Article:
I feel that the commitment to our fellow men and women requires us to be constantly adamant in speaking in defense of good causes and against errors in judgment. This is what the Daily is providing a forum for in these pages. This is also an American tradition of the highest calling. Thus stands immortal this passage in George Washington’s famous farewell address:
“… It is of infinite moment that you should properly estimate the immense value of your national union to your collective and individual happiness; that you should cherish a cordial, habitual, and immovable attachment to it; accustoming yourselves to think and speak of it as of the palladium of your political safety and prosperity; watching for its preservation with jealous anxiety; discountenancing whatever may suggest even a suspicion that it can in any event be abandoned, and indignantly frowning upon the first dawning of every attempt to alienate any portion of our country from the rest or to enfeeble the sacred ties which now link together the various parts.”
Some of you have noticed the vigor of my commitments that I have often written about in this column. This is because I feel that the duty to speak out against error is real and serious. Many people have given their lives for such rights and duties. Many more may risk their lives for these rights in the future. All over the world, this aspect of American life is envied.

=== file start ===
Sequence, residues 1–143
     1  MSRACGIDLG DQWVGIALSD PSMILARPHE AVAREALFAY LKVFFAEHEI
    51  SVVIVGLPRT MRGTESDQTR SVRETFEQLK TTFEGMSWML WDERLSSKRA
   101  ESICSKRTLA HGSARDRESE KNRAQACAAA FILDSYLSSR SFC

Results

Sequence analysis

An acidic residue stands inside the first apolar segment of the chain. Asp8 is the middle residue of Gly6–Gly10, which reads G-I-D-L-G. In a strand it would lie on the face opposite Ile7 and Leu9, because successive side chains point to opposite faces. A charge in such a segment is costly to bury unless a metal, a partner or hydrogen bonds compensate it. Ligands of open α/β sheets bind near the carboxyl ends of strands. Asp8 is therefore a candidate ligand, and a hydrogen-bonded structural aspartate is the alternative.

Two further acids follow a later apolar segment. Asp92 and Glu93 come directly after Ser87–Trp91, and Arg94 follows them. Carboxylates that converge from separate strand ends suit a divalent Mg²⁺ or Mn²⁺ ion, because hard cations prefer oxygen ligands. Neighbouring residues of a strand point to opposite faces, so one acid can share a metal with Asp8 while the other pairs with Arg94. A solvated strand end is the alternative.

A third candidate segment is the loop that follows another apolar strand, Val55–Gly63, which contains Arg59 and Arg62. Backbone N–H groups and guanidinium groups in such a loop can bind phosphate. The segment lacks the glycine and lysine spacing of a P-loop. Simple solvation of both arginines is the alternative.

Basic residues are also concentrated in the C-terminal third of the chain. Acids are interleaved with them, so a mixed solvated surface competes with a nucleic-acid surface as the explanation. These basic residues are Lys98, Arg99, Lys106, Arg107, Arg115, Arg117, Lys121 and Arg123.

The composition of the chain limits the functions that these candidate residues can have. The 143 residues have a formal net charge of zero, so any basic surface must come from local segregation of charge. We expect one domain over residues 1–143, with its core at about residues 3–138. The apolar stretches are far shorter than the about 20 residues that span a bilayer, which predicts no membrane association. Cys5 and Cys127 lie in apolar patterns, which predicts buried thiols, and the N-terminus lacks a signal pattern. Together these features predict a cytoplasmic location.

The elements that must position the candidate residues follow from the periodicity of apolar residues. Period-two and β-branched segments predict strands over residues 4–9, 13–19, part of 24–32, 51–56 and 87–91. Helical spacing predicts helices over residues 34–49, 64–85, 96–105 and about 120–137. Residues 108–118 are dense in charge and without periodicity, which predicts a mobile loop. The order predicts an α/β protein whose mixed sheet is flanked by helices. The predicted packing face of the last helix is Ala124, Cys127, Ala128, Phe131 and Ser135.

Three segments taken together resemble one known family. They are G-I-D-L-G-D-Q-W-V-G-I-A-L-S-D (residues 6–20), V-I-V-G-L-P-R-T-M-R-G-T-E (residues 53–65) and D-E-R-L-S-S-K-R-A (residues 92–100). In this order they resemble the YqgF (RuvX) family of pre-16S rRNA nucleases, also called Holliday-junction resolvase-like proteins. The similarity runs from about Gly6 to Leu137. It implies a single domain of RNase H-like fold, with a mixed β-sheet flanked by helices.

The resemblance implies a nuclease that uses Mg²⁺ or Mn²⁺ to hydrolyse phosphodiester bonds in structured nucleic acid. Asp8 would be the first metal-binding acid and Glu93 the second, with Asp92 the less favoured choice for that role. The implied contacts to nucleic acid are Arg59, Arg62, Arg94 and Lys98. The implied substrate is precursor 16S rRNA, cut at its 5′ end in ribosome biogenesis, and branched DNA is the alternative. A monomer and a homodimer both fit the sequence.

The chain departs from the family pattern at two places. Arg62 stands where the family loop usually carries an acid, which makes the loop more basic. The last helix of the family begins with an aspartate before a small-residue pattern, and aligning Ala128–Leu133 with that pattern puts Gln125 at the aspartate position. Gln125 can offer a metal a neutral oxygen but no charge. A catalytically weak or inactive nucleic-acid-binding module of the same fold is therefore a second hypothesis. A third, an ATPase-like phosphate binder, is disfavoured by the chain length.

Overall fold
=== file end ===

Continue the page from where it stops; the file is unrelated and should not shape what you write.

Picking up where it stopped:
Such a right and duty is not just a passing fancy. It is a part of our nation’s heritage. As enshrined in the Declaration of Independence: “Whenever any Form of Government becomes destructive of these ends, it is the Right of the People to alter or to abolish it. … When a long train of abuses and usurpations … evinces a design to reduce them under absolute Despotism, it is their right, it is their duty, to throw off such Government.” This begins to address another question that has been asked of me: With all the problems in the world, how do I remain hopeful and committed?